The Society Of A Brave New World English Literature Essay

Published: Last Edited:

This essay has been submitted by a student. This is not an example of the work written by our professional essay writers.

Brave New World by Adolus Huxley was published in 1932. Although that time, the genre, named utopia, was popular; the message of Huxley's novel is definitely not in unity with the meaning of it. The word 'utopia' comes from Greek and means 'no place' or 'good place'. When considering the second translation, an opposite of that genre is 'negative utopia' or 'dystopia'. Dystopia stands for a non-desirable place, a vision of a possible future with negative features. According to this definition Huxley's work belongs to the genre of dystopia. Brave New World is set in the future, but on our planet, so it can be regarded as a possible futuristic vision of the society of the 1930's. However, Brave New World is not a scientific prophecy, or a prediction; it is rather a satirical criticism of society. As Keith M. May indicates, Brave New World is a "fiction which describes an imaginary commonwealth in order to comment critically upon an existing commonwealth." (98)

Right at the beginning the author gives a science-fictional description about the way human are born in the seventh century After Ford. The use of biotechnology is for creating social stability. Maternity and family are swearwords; children are born in Hatcheries and after, raised in Conditioning Centres. As the World Controller tells a group of students "ectogenesis, though technically feasible, was held back by something called Christianity. Women were forced to go viviparous." (Brave New World, 37) By genetic engineering they can produce people divided into five casts. The lower casts have less physical strength, their intelligence is much under the average, and they are produced in Bokanowsky groups, therefore they have no identity or self-consciousness. Every cast, from Alphas to Epsilons fulfils a social need or interest. They are genetically preordained, they have been manipulated to happily fit these certain roles that are reserved for them is society. Manipulation and brainwashing is present from the very beginning. Firstly by chemicals, then by hypnopaedical teaching which during sleep, when the psyche is more impressionable. The slogans implanted in people's minds make the society function with stability.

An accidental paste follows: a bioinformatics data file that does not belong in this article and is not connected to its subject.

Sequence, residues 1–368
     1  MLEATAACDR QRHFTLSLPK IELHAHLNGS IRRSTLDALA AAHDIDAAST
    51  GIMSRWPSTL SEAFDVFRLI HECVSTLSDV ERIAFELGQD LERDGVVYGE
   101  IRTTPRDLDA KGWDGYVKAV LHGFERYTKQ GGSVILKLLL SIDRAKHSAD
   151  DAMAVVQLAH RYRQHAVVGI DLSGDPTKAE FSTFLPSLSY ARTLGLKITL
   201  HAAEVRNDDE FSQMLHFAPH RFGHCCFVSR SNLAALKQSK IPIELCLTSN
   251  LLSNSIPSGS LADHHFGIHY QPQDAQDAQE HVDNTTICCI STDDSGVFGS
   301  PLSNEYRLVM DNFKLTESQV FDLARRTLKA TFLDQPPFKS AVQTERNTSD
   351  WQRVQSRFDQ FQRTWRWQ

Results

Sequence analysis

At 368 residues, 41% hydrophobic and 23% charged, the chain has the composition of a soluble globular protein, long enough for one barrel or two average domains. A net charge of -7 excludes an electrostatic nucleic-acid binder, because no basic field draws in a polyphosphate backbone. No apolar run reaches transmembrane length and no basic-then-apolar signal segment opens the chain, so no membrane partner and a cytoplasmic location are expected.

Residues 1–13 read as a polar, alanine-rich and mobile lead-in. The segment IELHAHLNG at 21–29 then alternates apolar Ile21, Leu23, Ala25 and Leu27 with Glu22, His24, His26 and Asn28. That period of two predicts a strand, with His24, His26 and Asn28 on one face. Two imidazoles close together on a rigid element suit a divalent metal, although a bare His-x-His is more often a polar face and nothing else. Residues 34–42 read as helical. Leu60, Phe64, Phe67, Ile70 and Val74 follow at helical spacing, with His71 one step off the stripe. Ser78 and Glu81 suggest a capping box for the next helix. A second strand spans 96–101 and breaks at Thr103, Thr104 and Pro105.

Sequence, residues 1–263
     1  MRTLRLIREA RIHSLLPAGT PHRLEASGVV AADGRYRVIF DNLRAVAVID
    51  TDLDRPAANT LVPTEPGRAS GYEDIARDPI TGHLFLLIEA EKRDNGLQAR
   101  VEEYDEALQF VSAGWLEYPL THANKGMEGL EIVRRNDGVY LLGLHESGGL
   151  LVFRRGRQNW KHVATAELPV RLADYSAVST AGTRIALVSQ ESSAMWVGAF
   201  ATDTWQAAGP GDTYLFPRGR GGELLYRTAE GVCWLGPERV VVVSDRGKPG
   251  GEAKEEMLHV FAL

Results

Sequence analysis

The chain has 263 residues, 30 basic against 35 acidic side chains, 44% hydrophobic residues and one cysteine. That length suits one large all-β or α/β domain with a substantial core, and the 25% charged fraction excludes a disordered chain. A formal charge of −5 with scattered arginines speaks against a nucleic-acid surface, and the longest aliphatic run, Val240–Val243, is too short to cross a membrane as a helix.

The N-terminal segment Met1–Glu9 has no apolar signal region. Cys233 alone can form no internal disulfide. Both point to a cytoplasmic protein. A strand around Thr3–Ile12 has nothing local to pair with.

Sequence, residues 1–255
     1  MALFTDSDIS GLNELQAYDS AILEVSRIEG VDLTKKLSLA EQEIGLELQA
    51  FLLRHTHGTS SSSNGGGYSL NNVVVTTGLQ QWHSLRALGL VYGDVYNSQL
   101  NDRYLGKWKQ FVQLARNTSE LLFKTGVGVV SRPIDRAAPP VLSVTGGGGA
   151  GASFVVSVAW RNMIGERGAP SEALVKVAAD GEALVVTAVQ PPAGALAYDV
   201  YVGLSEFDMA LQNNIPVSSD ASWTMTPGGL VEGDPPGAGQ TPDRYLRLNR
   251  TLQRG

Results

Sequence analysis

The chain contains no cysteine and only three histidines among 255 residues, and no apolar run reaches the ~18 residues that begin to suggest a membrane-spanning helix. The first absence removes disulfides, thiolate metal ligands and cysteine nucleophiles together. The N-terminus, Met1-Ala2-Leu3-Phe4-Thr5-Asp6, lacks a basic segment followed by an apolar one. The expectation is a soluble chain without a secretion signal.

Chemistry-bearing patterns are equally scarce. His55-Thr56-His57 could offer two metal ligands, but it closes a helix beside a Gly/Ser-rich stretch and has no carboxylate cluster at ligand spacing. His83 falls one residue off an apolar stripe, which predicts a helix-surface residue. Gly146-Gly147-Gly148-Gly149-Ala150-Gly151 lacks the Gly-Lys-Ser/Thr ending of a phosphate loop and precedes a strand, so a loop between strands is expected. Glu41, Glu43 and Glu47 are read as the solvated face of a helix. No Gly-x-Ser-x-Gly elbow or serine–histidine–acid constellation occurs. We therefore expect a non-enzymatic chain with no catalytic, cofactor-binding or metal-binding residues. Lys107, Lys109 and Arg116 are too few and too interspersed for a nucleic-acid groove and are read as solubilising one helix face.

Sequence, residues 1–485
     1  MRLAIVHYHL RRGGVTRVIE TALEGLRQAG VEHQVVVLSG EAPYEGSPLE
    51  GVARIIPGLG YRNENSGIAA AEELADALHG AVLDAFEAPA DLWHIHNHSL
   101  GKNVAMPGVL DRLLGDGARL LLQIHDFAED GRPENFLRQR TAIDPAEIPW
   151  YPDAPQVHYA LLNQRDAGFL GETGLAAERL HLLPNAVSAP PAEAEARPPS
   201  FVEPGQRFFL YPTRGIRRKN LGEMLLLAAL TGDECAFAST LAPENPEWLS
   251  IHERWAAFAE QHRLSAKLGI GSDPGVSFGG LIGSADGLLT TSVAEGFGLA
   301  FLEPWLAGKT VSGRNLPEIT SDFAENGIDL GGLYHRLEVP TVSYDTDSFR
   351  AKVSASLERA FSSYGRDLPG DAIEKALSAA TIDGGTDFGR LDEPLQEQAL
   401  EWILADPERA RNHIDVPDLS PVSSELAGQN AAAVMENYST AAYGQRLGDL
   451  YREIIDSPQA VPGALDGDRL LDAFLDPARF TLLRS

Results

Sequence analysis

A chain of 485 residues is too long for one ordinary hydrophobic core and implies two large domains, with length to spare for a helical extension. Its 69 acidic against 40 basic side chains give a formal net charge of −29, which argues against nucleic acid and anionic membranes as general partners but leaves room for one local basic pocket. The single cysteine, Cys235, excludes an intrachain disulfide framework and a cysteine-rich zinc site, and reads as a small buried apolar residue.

In this imaginary society happiness is a constant state. Citizens live according to the motto of the world state: "Community, Identity, Stability". War, poverty and crime are just concepts from the distant past to Brave New Worldians. The words of the Resident Controller of Western Europe express perfectly the reason why this kind of happiness is attainable: "No pains have been spared to make your lives emotionally easy - to preserve you, as far as that is possible, from having emotions at all." People keep themselves occupied with their work. Apart from that, only sports like Electromagnetic Golf, the feelies, promiscuous sex and the consumption of pleasure-drug soma are all the activities which they spend their life with. Therefore one can suggest that in this society the sources of happiness changed: it doesn't derive anymore from love or family. Spending time alone, or having constant affections for anyone is considered to be sinful. Culture has been abolished. There is no intellectual excitement, and as Greenblatt suggests, "Happiness is purchased at the cost of imagination, discovery, free will, poetry and pure science" (96). The members of this new society have unwillingly sacrificed their true, deeper happiness and the experience of profound feeling for a superficial, hollow happiness. Welfare and total crimelessness is assured "by legalising a degree of sexual freedom that practically guarantees the brave new worlders against any form of destructive emotional tension" (Brave New World Revisited 27)